Tuesday, January 5, 2016

Enjoy the Process

A very common question asked to an artist is "How long does it take you to paint that?"  Mostly because the person standing there in front of you likes your work and feels the need to engage you as the artist but has no clue about the painting process so it is the first question that comes to their mind.  I have many times explained that I paint quickly but that I don't paint for long periods of time, so a 24 x 36 may take me a week to finish off and on where I can paint a 12x16 in one evening.  I usually then mention that is my main reason I like acrylics over oils and that if I'm painting in oils I have to be working on 3 pieces at the same time because the drying time makes me crazy impatient.  I would take a certain amount of pride in this fact.  Like the fact that I can paint fast made me stand out as an artist.

There is certainly a difference in painting fast and being prolific.  Prolific painting leads to proficiency while painting fast may only lead to stacks of mediocre artwork. After 5 years I think that I'm beginning to get it.  I've read over and over that sketching out the composition is a vital step, not to be skipped but skipping was exactly what I would do.  Please don't think that I'm saying that I think everything I have painted is junk, but I think often the struggles I get myself into with a composition might not have happened if I had taken more time to plan out the work.  

So this is my "Year of Art" and I'm dedicating myself to slowing down and enjoying the process involved with creating art and writing this blog.  So with that in mind, I thought I would share with you what I've been thinking about for my next painting.  A few months back I started what I saw in my mind a series of artwork that focused on my memories of the country childhood I was blessed to have being raised in Central Missouri.  When I think of one color that best describes my memories of Missouri, it would be GREEN.  Green was everywhere you looked most of the year.  A canopy above and several layers of undergrowth that covered all those hills.  Unlike it's neighboring state of Kansas, the thick forest and many hills would obscure your view.  I would often think that a tornado would be right on top of you before you could even see it coming.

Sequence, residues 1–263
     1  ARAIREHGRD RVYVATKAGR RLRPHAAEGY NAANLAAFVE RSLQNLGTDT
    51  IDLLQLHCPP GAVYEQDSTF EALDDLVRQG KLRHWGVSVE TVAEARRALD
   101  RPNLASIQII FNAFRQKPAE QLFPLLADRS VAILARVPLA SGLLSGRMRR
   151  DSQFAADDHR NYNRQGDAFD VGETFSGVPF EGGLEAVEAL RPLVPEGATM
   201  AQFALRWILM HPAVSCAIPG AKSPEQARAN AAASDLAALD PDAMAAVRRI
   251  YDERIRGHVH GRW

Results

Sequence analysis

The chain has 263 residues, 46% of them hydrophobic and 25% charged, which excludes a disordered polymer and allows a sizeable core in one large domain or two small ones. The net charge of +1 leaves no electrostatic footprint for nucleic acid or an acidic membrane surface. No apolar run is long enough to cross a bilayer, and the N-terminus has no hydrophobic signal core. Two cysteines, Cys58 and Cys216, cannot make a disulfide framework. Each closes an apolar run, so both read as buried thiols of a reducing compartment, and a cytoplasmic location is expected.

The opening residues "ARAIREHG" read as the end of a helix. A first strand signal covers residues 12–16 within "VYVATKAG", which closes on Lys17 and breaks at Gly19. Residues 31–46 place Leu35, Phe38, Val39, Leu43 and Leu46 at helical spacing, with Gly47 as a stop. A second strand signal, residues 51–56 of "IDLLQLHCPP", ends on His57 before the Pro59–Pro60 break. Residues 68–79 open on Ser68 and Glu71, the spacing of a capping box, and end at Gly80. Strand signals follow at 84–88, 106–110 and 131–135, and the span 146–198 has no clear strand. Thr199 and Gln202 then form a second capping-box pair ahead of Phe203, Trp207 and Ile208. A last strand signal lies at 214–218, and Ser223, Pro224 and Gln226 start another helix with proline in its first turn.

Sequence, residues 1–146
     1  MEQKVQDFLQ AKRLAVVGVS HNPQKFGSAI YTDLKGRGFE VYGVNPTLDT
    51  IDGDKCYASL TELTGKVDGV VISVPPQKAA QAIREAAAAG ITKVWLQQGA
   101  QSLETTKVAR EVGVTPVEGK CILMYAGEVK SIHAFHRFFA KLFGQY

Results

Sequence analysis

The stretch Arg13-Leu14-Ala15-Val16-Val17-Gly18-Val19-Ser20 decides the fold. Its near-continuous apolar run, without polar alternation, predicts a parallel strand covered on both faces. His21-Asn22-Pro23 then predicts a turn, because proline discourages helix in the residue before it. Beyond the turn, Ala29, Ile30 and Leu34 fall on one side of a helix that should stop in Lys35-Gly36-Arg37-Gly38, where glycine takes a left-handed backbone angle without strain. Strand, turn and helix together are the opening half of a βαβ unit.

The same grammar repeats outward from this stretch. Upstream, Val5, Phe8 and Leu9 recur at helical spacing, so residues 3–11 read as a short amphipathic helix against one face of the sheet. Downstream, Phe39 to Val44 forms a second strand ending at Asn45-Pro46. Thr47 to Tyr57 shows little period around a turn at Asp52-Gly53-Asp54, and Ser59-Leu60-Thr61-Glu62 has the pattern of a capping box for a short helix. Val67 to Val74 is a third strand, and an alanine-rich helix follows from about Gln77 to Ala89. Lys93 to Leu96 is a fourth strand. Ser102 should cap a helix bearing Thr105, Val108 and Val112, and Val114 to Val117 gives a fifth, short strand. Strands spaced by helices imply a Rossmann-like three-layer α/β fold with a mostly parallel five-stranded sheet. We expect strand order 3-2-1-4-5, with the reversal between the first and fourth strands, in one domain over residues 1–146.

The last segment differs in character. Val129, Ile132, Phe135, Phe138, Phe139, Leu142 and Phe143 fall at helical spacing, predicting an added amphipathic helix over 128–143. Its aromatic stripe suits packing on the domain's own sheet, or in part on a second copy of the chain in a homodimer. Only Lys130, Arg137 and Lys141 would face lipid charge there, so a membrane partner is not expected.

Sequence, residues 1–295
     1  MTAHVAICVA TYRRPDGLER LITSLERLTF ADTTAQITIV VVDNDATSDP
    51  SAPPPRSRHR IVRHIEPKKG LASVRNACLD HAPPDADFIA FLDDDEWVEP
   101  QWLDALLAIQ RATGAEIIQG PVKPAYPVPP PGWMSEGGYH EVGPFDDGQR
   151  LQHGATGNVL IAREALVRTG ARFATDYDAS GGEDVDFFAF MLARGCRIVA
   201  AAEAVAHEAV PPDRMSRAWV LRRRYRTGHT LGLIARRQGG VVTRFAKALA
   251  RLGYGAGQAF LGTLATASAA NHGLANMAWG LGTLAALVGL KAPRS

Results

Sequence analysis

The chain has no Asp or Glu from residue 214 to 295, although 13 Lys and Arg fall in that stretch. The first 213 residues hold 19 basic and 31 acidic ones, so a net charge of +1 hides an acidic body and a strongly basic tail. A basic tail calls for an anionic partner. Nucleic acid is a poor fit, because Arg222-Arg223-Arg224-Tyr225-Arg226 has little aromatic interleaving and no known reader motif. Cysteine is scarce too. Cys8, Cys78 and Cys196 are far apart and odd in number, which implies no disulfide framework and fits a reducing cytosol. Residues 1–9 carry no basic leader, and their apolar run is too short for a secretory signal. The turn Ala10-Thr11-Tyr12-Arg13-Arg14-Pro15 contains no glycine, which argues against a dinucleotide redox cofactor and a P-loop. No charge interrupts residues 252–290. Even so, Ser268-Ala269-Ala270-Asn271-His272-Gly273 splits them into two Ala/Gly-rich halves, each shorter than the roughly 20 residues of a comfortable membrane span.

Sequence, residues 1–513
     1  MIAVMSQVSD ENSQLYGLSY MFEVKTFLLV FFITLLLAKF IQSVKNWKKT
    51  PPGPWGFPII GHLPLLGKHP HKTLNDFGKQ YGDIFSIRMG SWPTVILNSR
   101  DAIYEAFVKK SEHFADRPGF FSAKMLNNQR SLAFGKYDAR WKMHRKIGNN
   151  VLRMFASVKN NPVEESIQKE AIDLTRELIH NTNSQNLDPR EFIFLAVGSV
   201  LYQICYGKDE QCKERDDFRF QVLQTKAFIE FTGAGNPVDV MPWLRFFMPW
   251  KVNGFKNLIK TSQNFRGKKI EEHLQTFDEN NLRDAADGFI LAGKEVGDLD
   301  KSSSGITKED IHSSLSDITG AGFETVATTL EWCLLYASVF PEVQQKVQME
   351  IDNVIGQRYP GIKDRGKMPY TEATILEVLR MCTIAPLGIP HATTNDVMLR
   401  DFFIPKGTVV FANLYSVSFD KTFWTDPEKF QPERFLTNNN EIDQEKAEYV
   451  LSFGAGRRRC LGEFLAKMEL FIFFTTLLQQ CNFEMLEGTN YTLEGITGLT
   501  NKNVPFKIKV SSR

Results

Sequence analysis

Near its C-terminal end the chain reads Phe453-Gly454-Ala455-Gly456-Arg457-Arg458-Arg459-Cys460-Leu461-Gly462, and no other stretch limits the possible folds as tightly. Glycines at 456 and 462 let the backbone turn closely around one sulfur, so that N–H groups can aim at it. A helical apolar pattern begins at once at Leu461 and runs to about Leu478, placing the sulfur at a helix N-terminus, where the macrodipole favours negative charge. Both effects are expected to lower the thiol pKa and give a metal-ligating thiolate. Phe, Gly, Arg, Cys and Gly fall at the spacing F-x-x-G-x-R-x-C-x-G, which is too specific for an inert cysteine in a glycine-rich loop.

I think that is why I painted the background on both "Life at the Fence Post" and "Lunch Under the Mailbox" in a solid green tone that kept the focus on the foreground.  I don't think that I will treat each piece in this series this way, but I am still loving how these two turned out.

For my third piece I want to continue with the fence post, morning glories and a definite grass line that shows the black, rich and fertile dirt that covers much of the state. I want a calf standing in the tall grass and wild flowers that is looking straight at you through the barbed wire.  I'm considering a chicken or a quail at the grass edge looking for a bug breakfast.  

In preparation of the start of this new piece, I have created two sketches so far.  Both have helped me greatly when thinking about how I want this painting to look when I am finished.  There are still questions that I still have to consider.  For example, which breed of calf do I like better, the Jersey or the Holstein?  What other wildlife if any do I want to include?  Do I continue with the solid green background or do I try to add sky and distant hills to this one?  It is obvious that I need to keep that sketch pad close by. 

I would love to hear from you and please visit my website to see a complete collection of my work.

Life at the Fence Post

Lunch Under the Mailbox

Renderings for my next painting


  1. Exactly~ Every piece we create is like a diary of our life. It's a recording of all that's going on in our life each day that we work on it. Can't wait to see what you create this year!

  2. That is such a true statement Katherine. Art to me is an avenue to leave a legacy.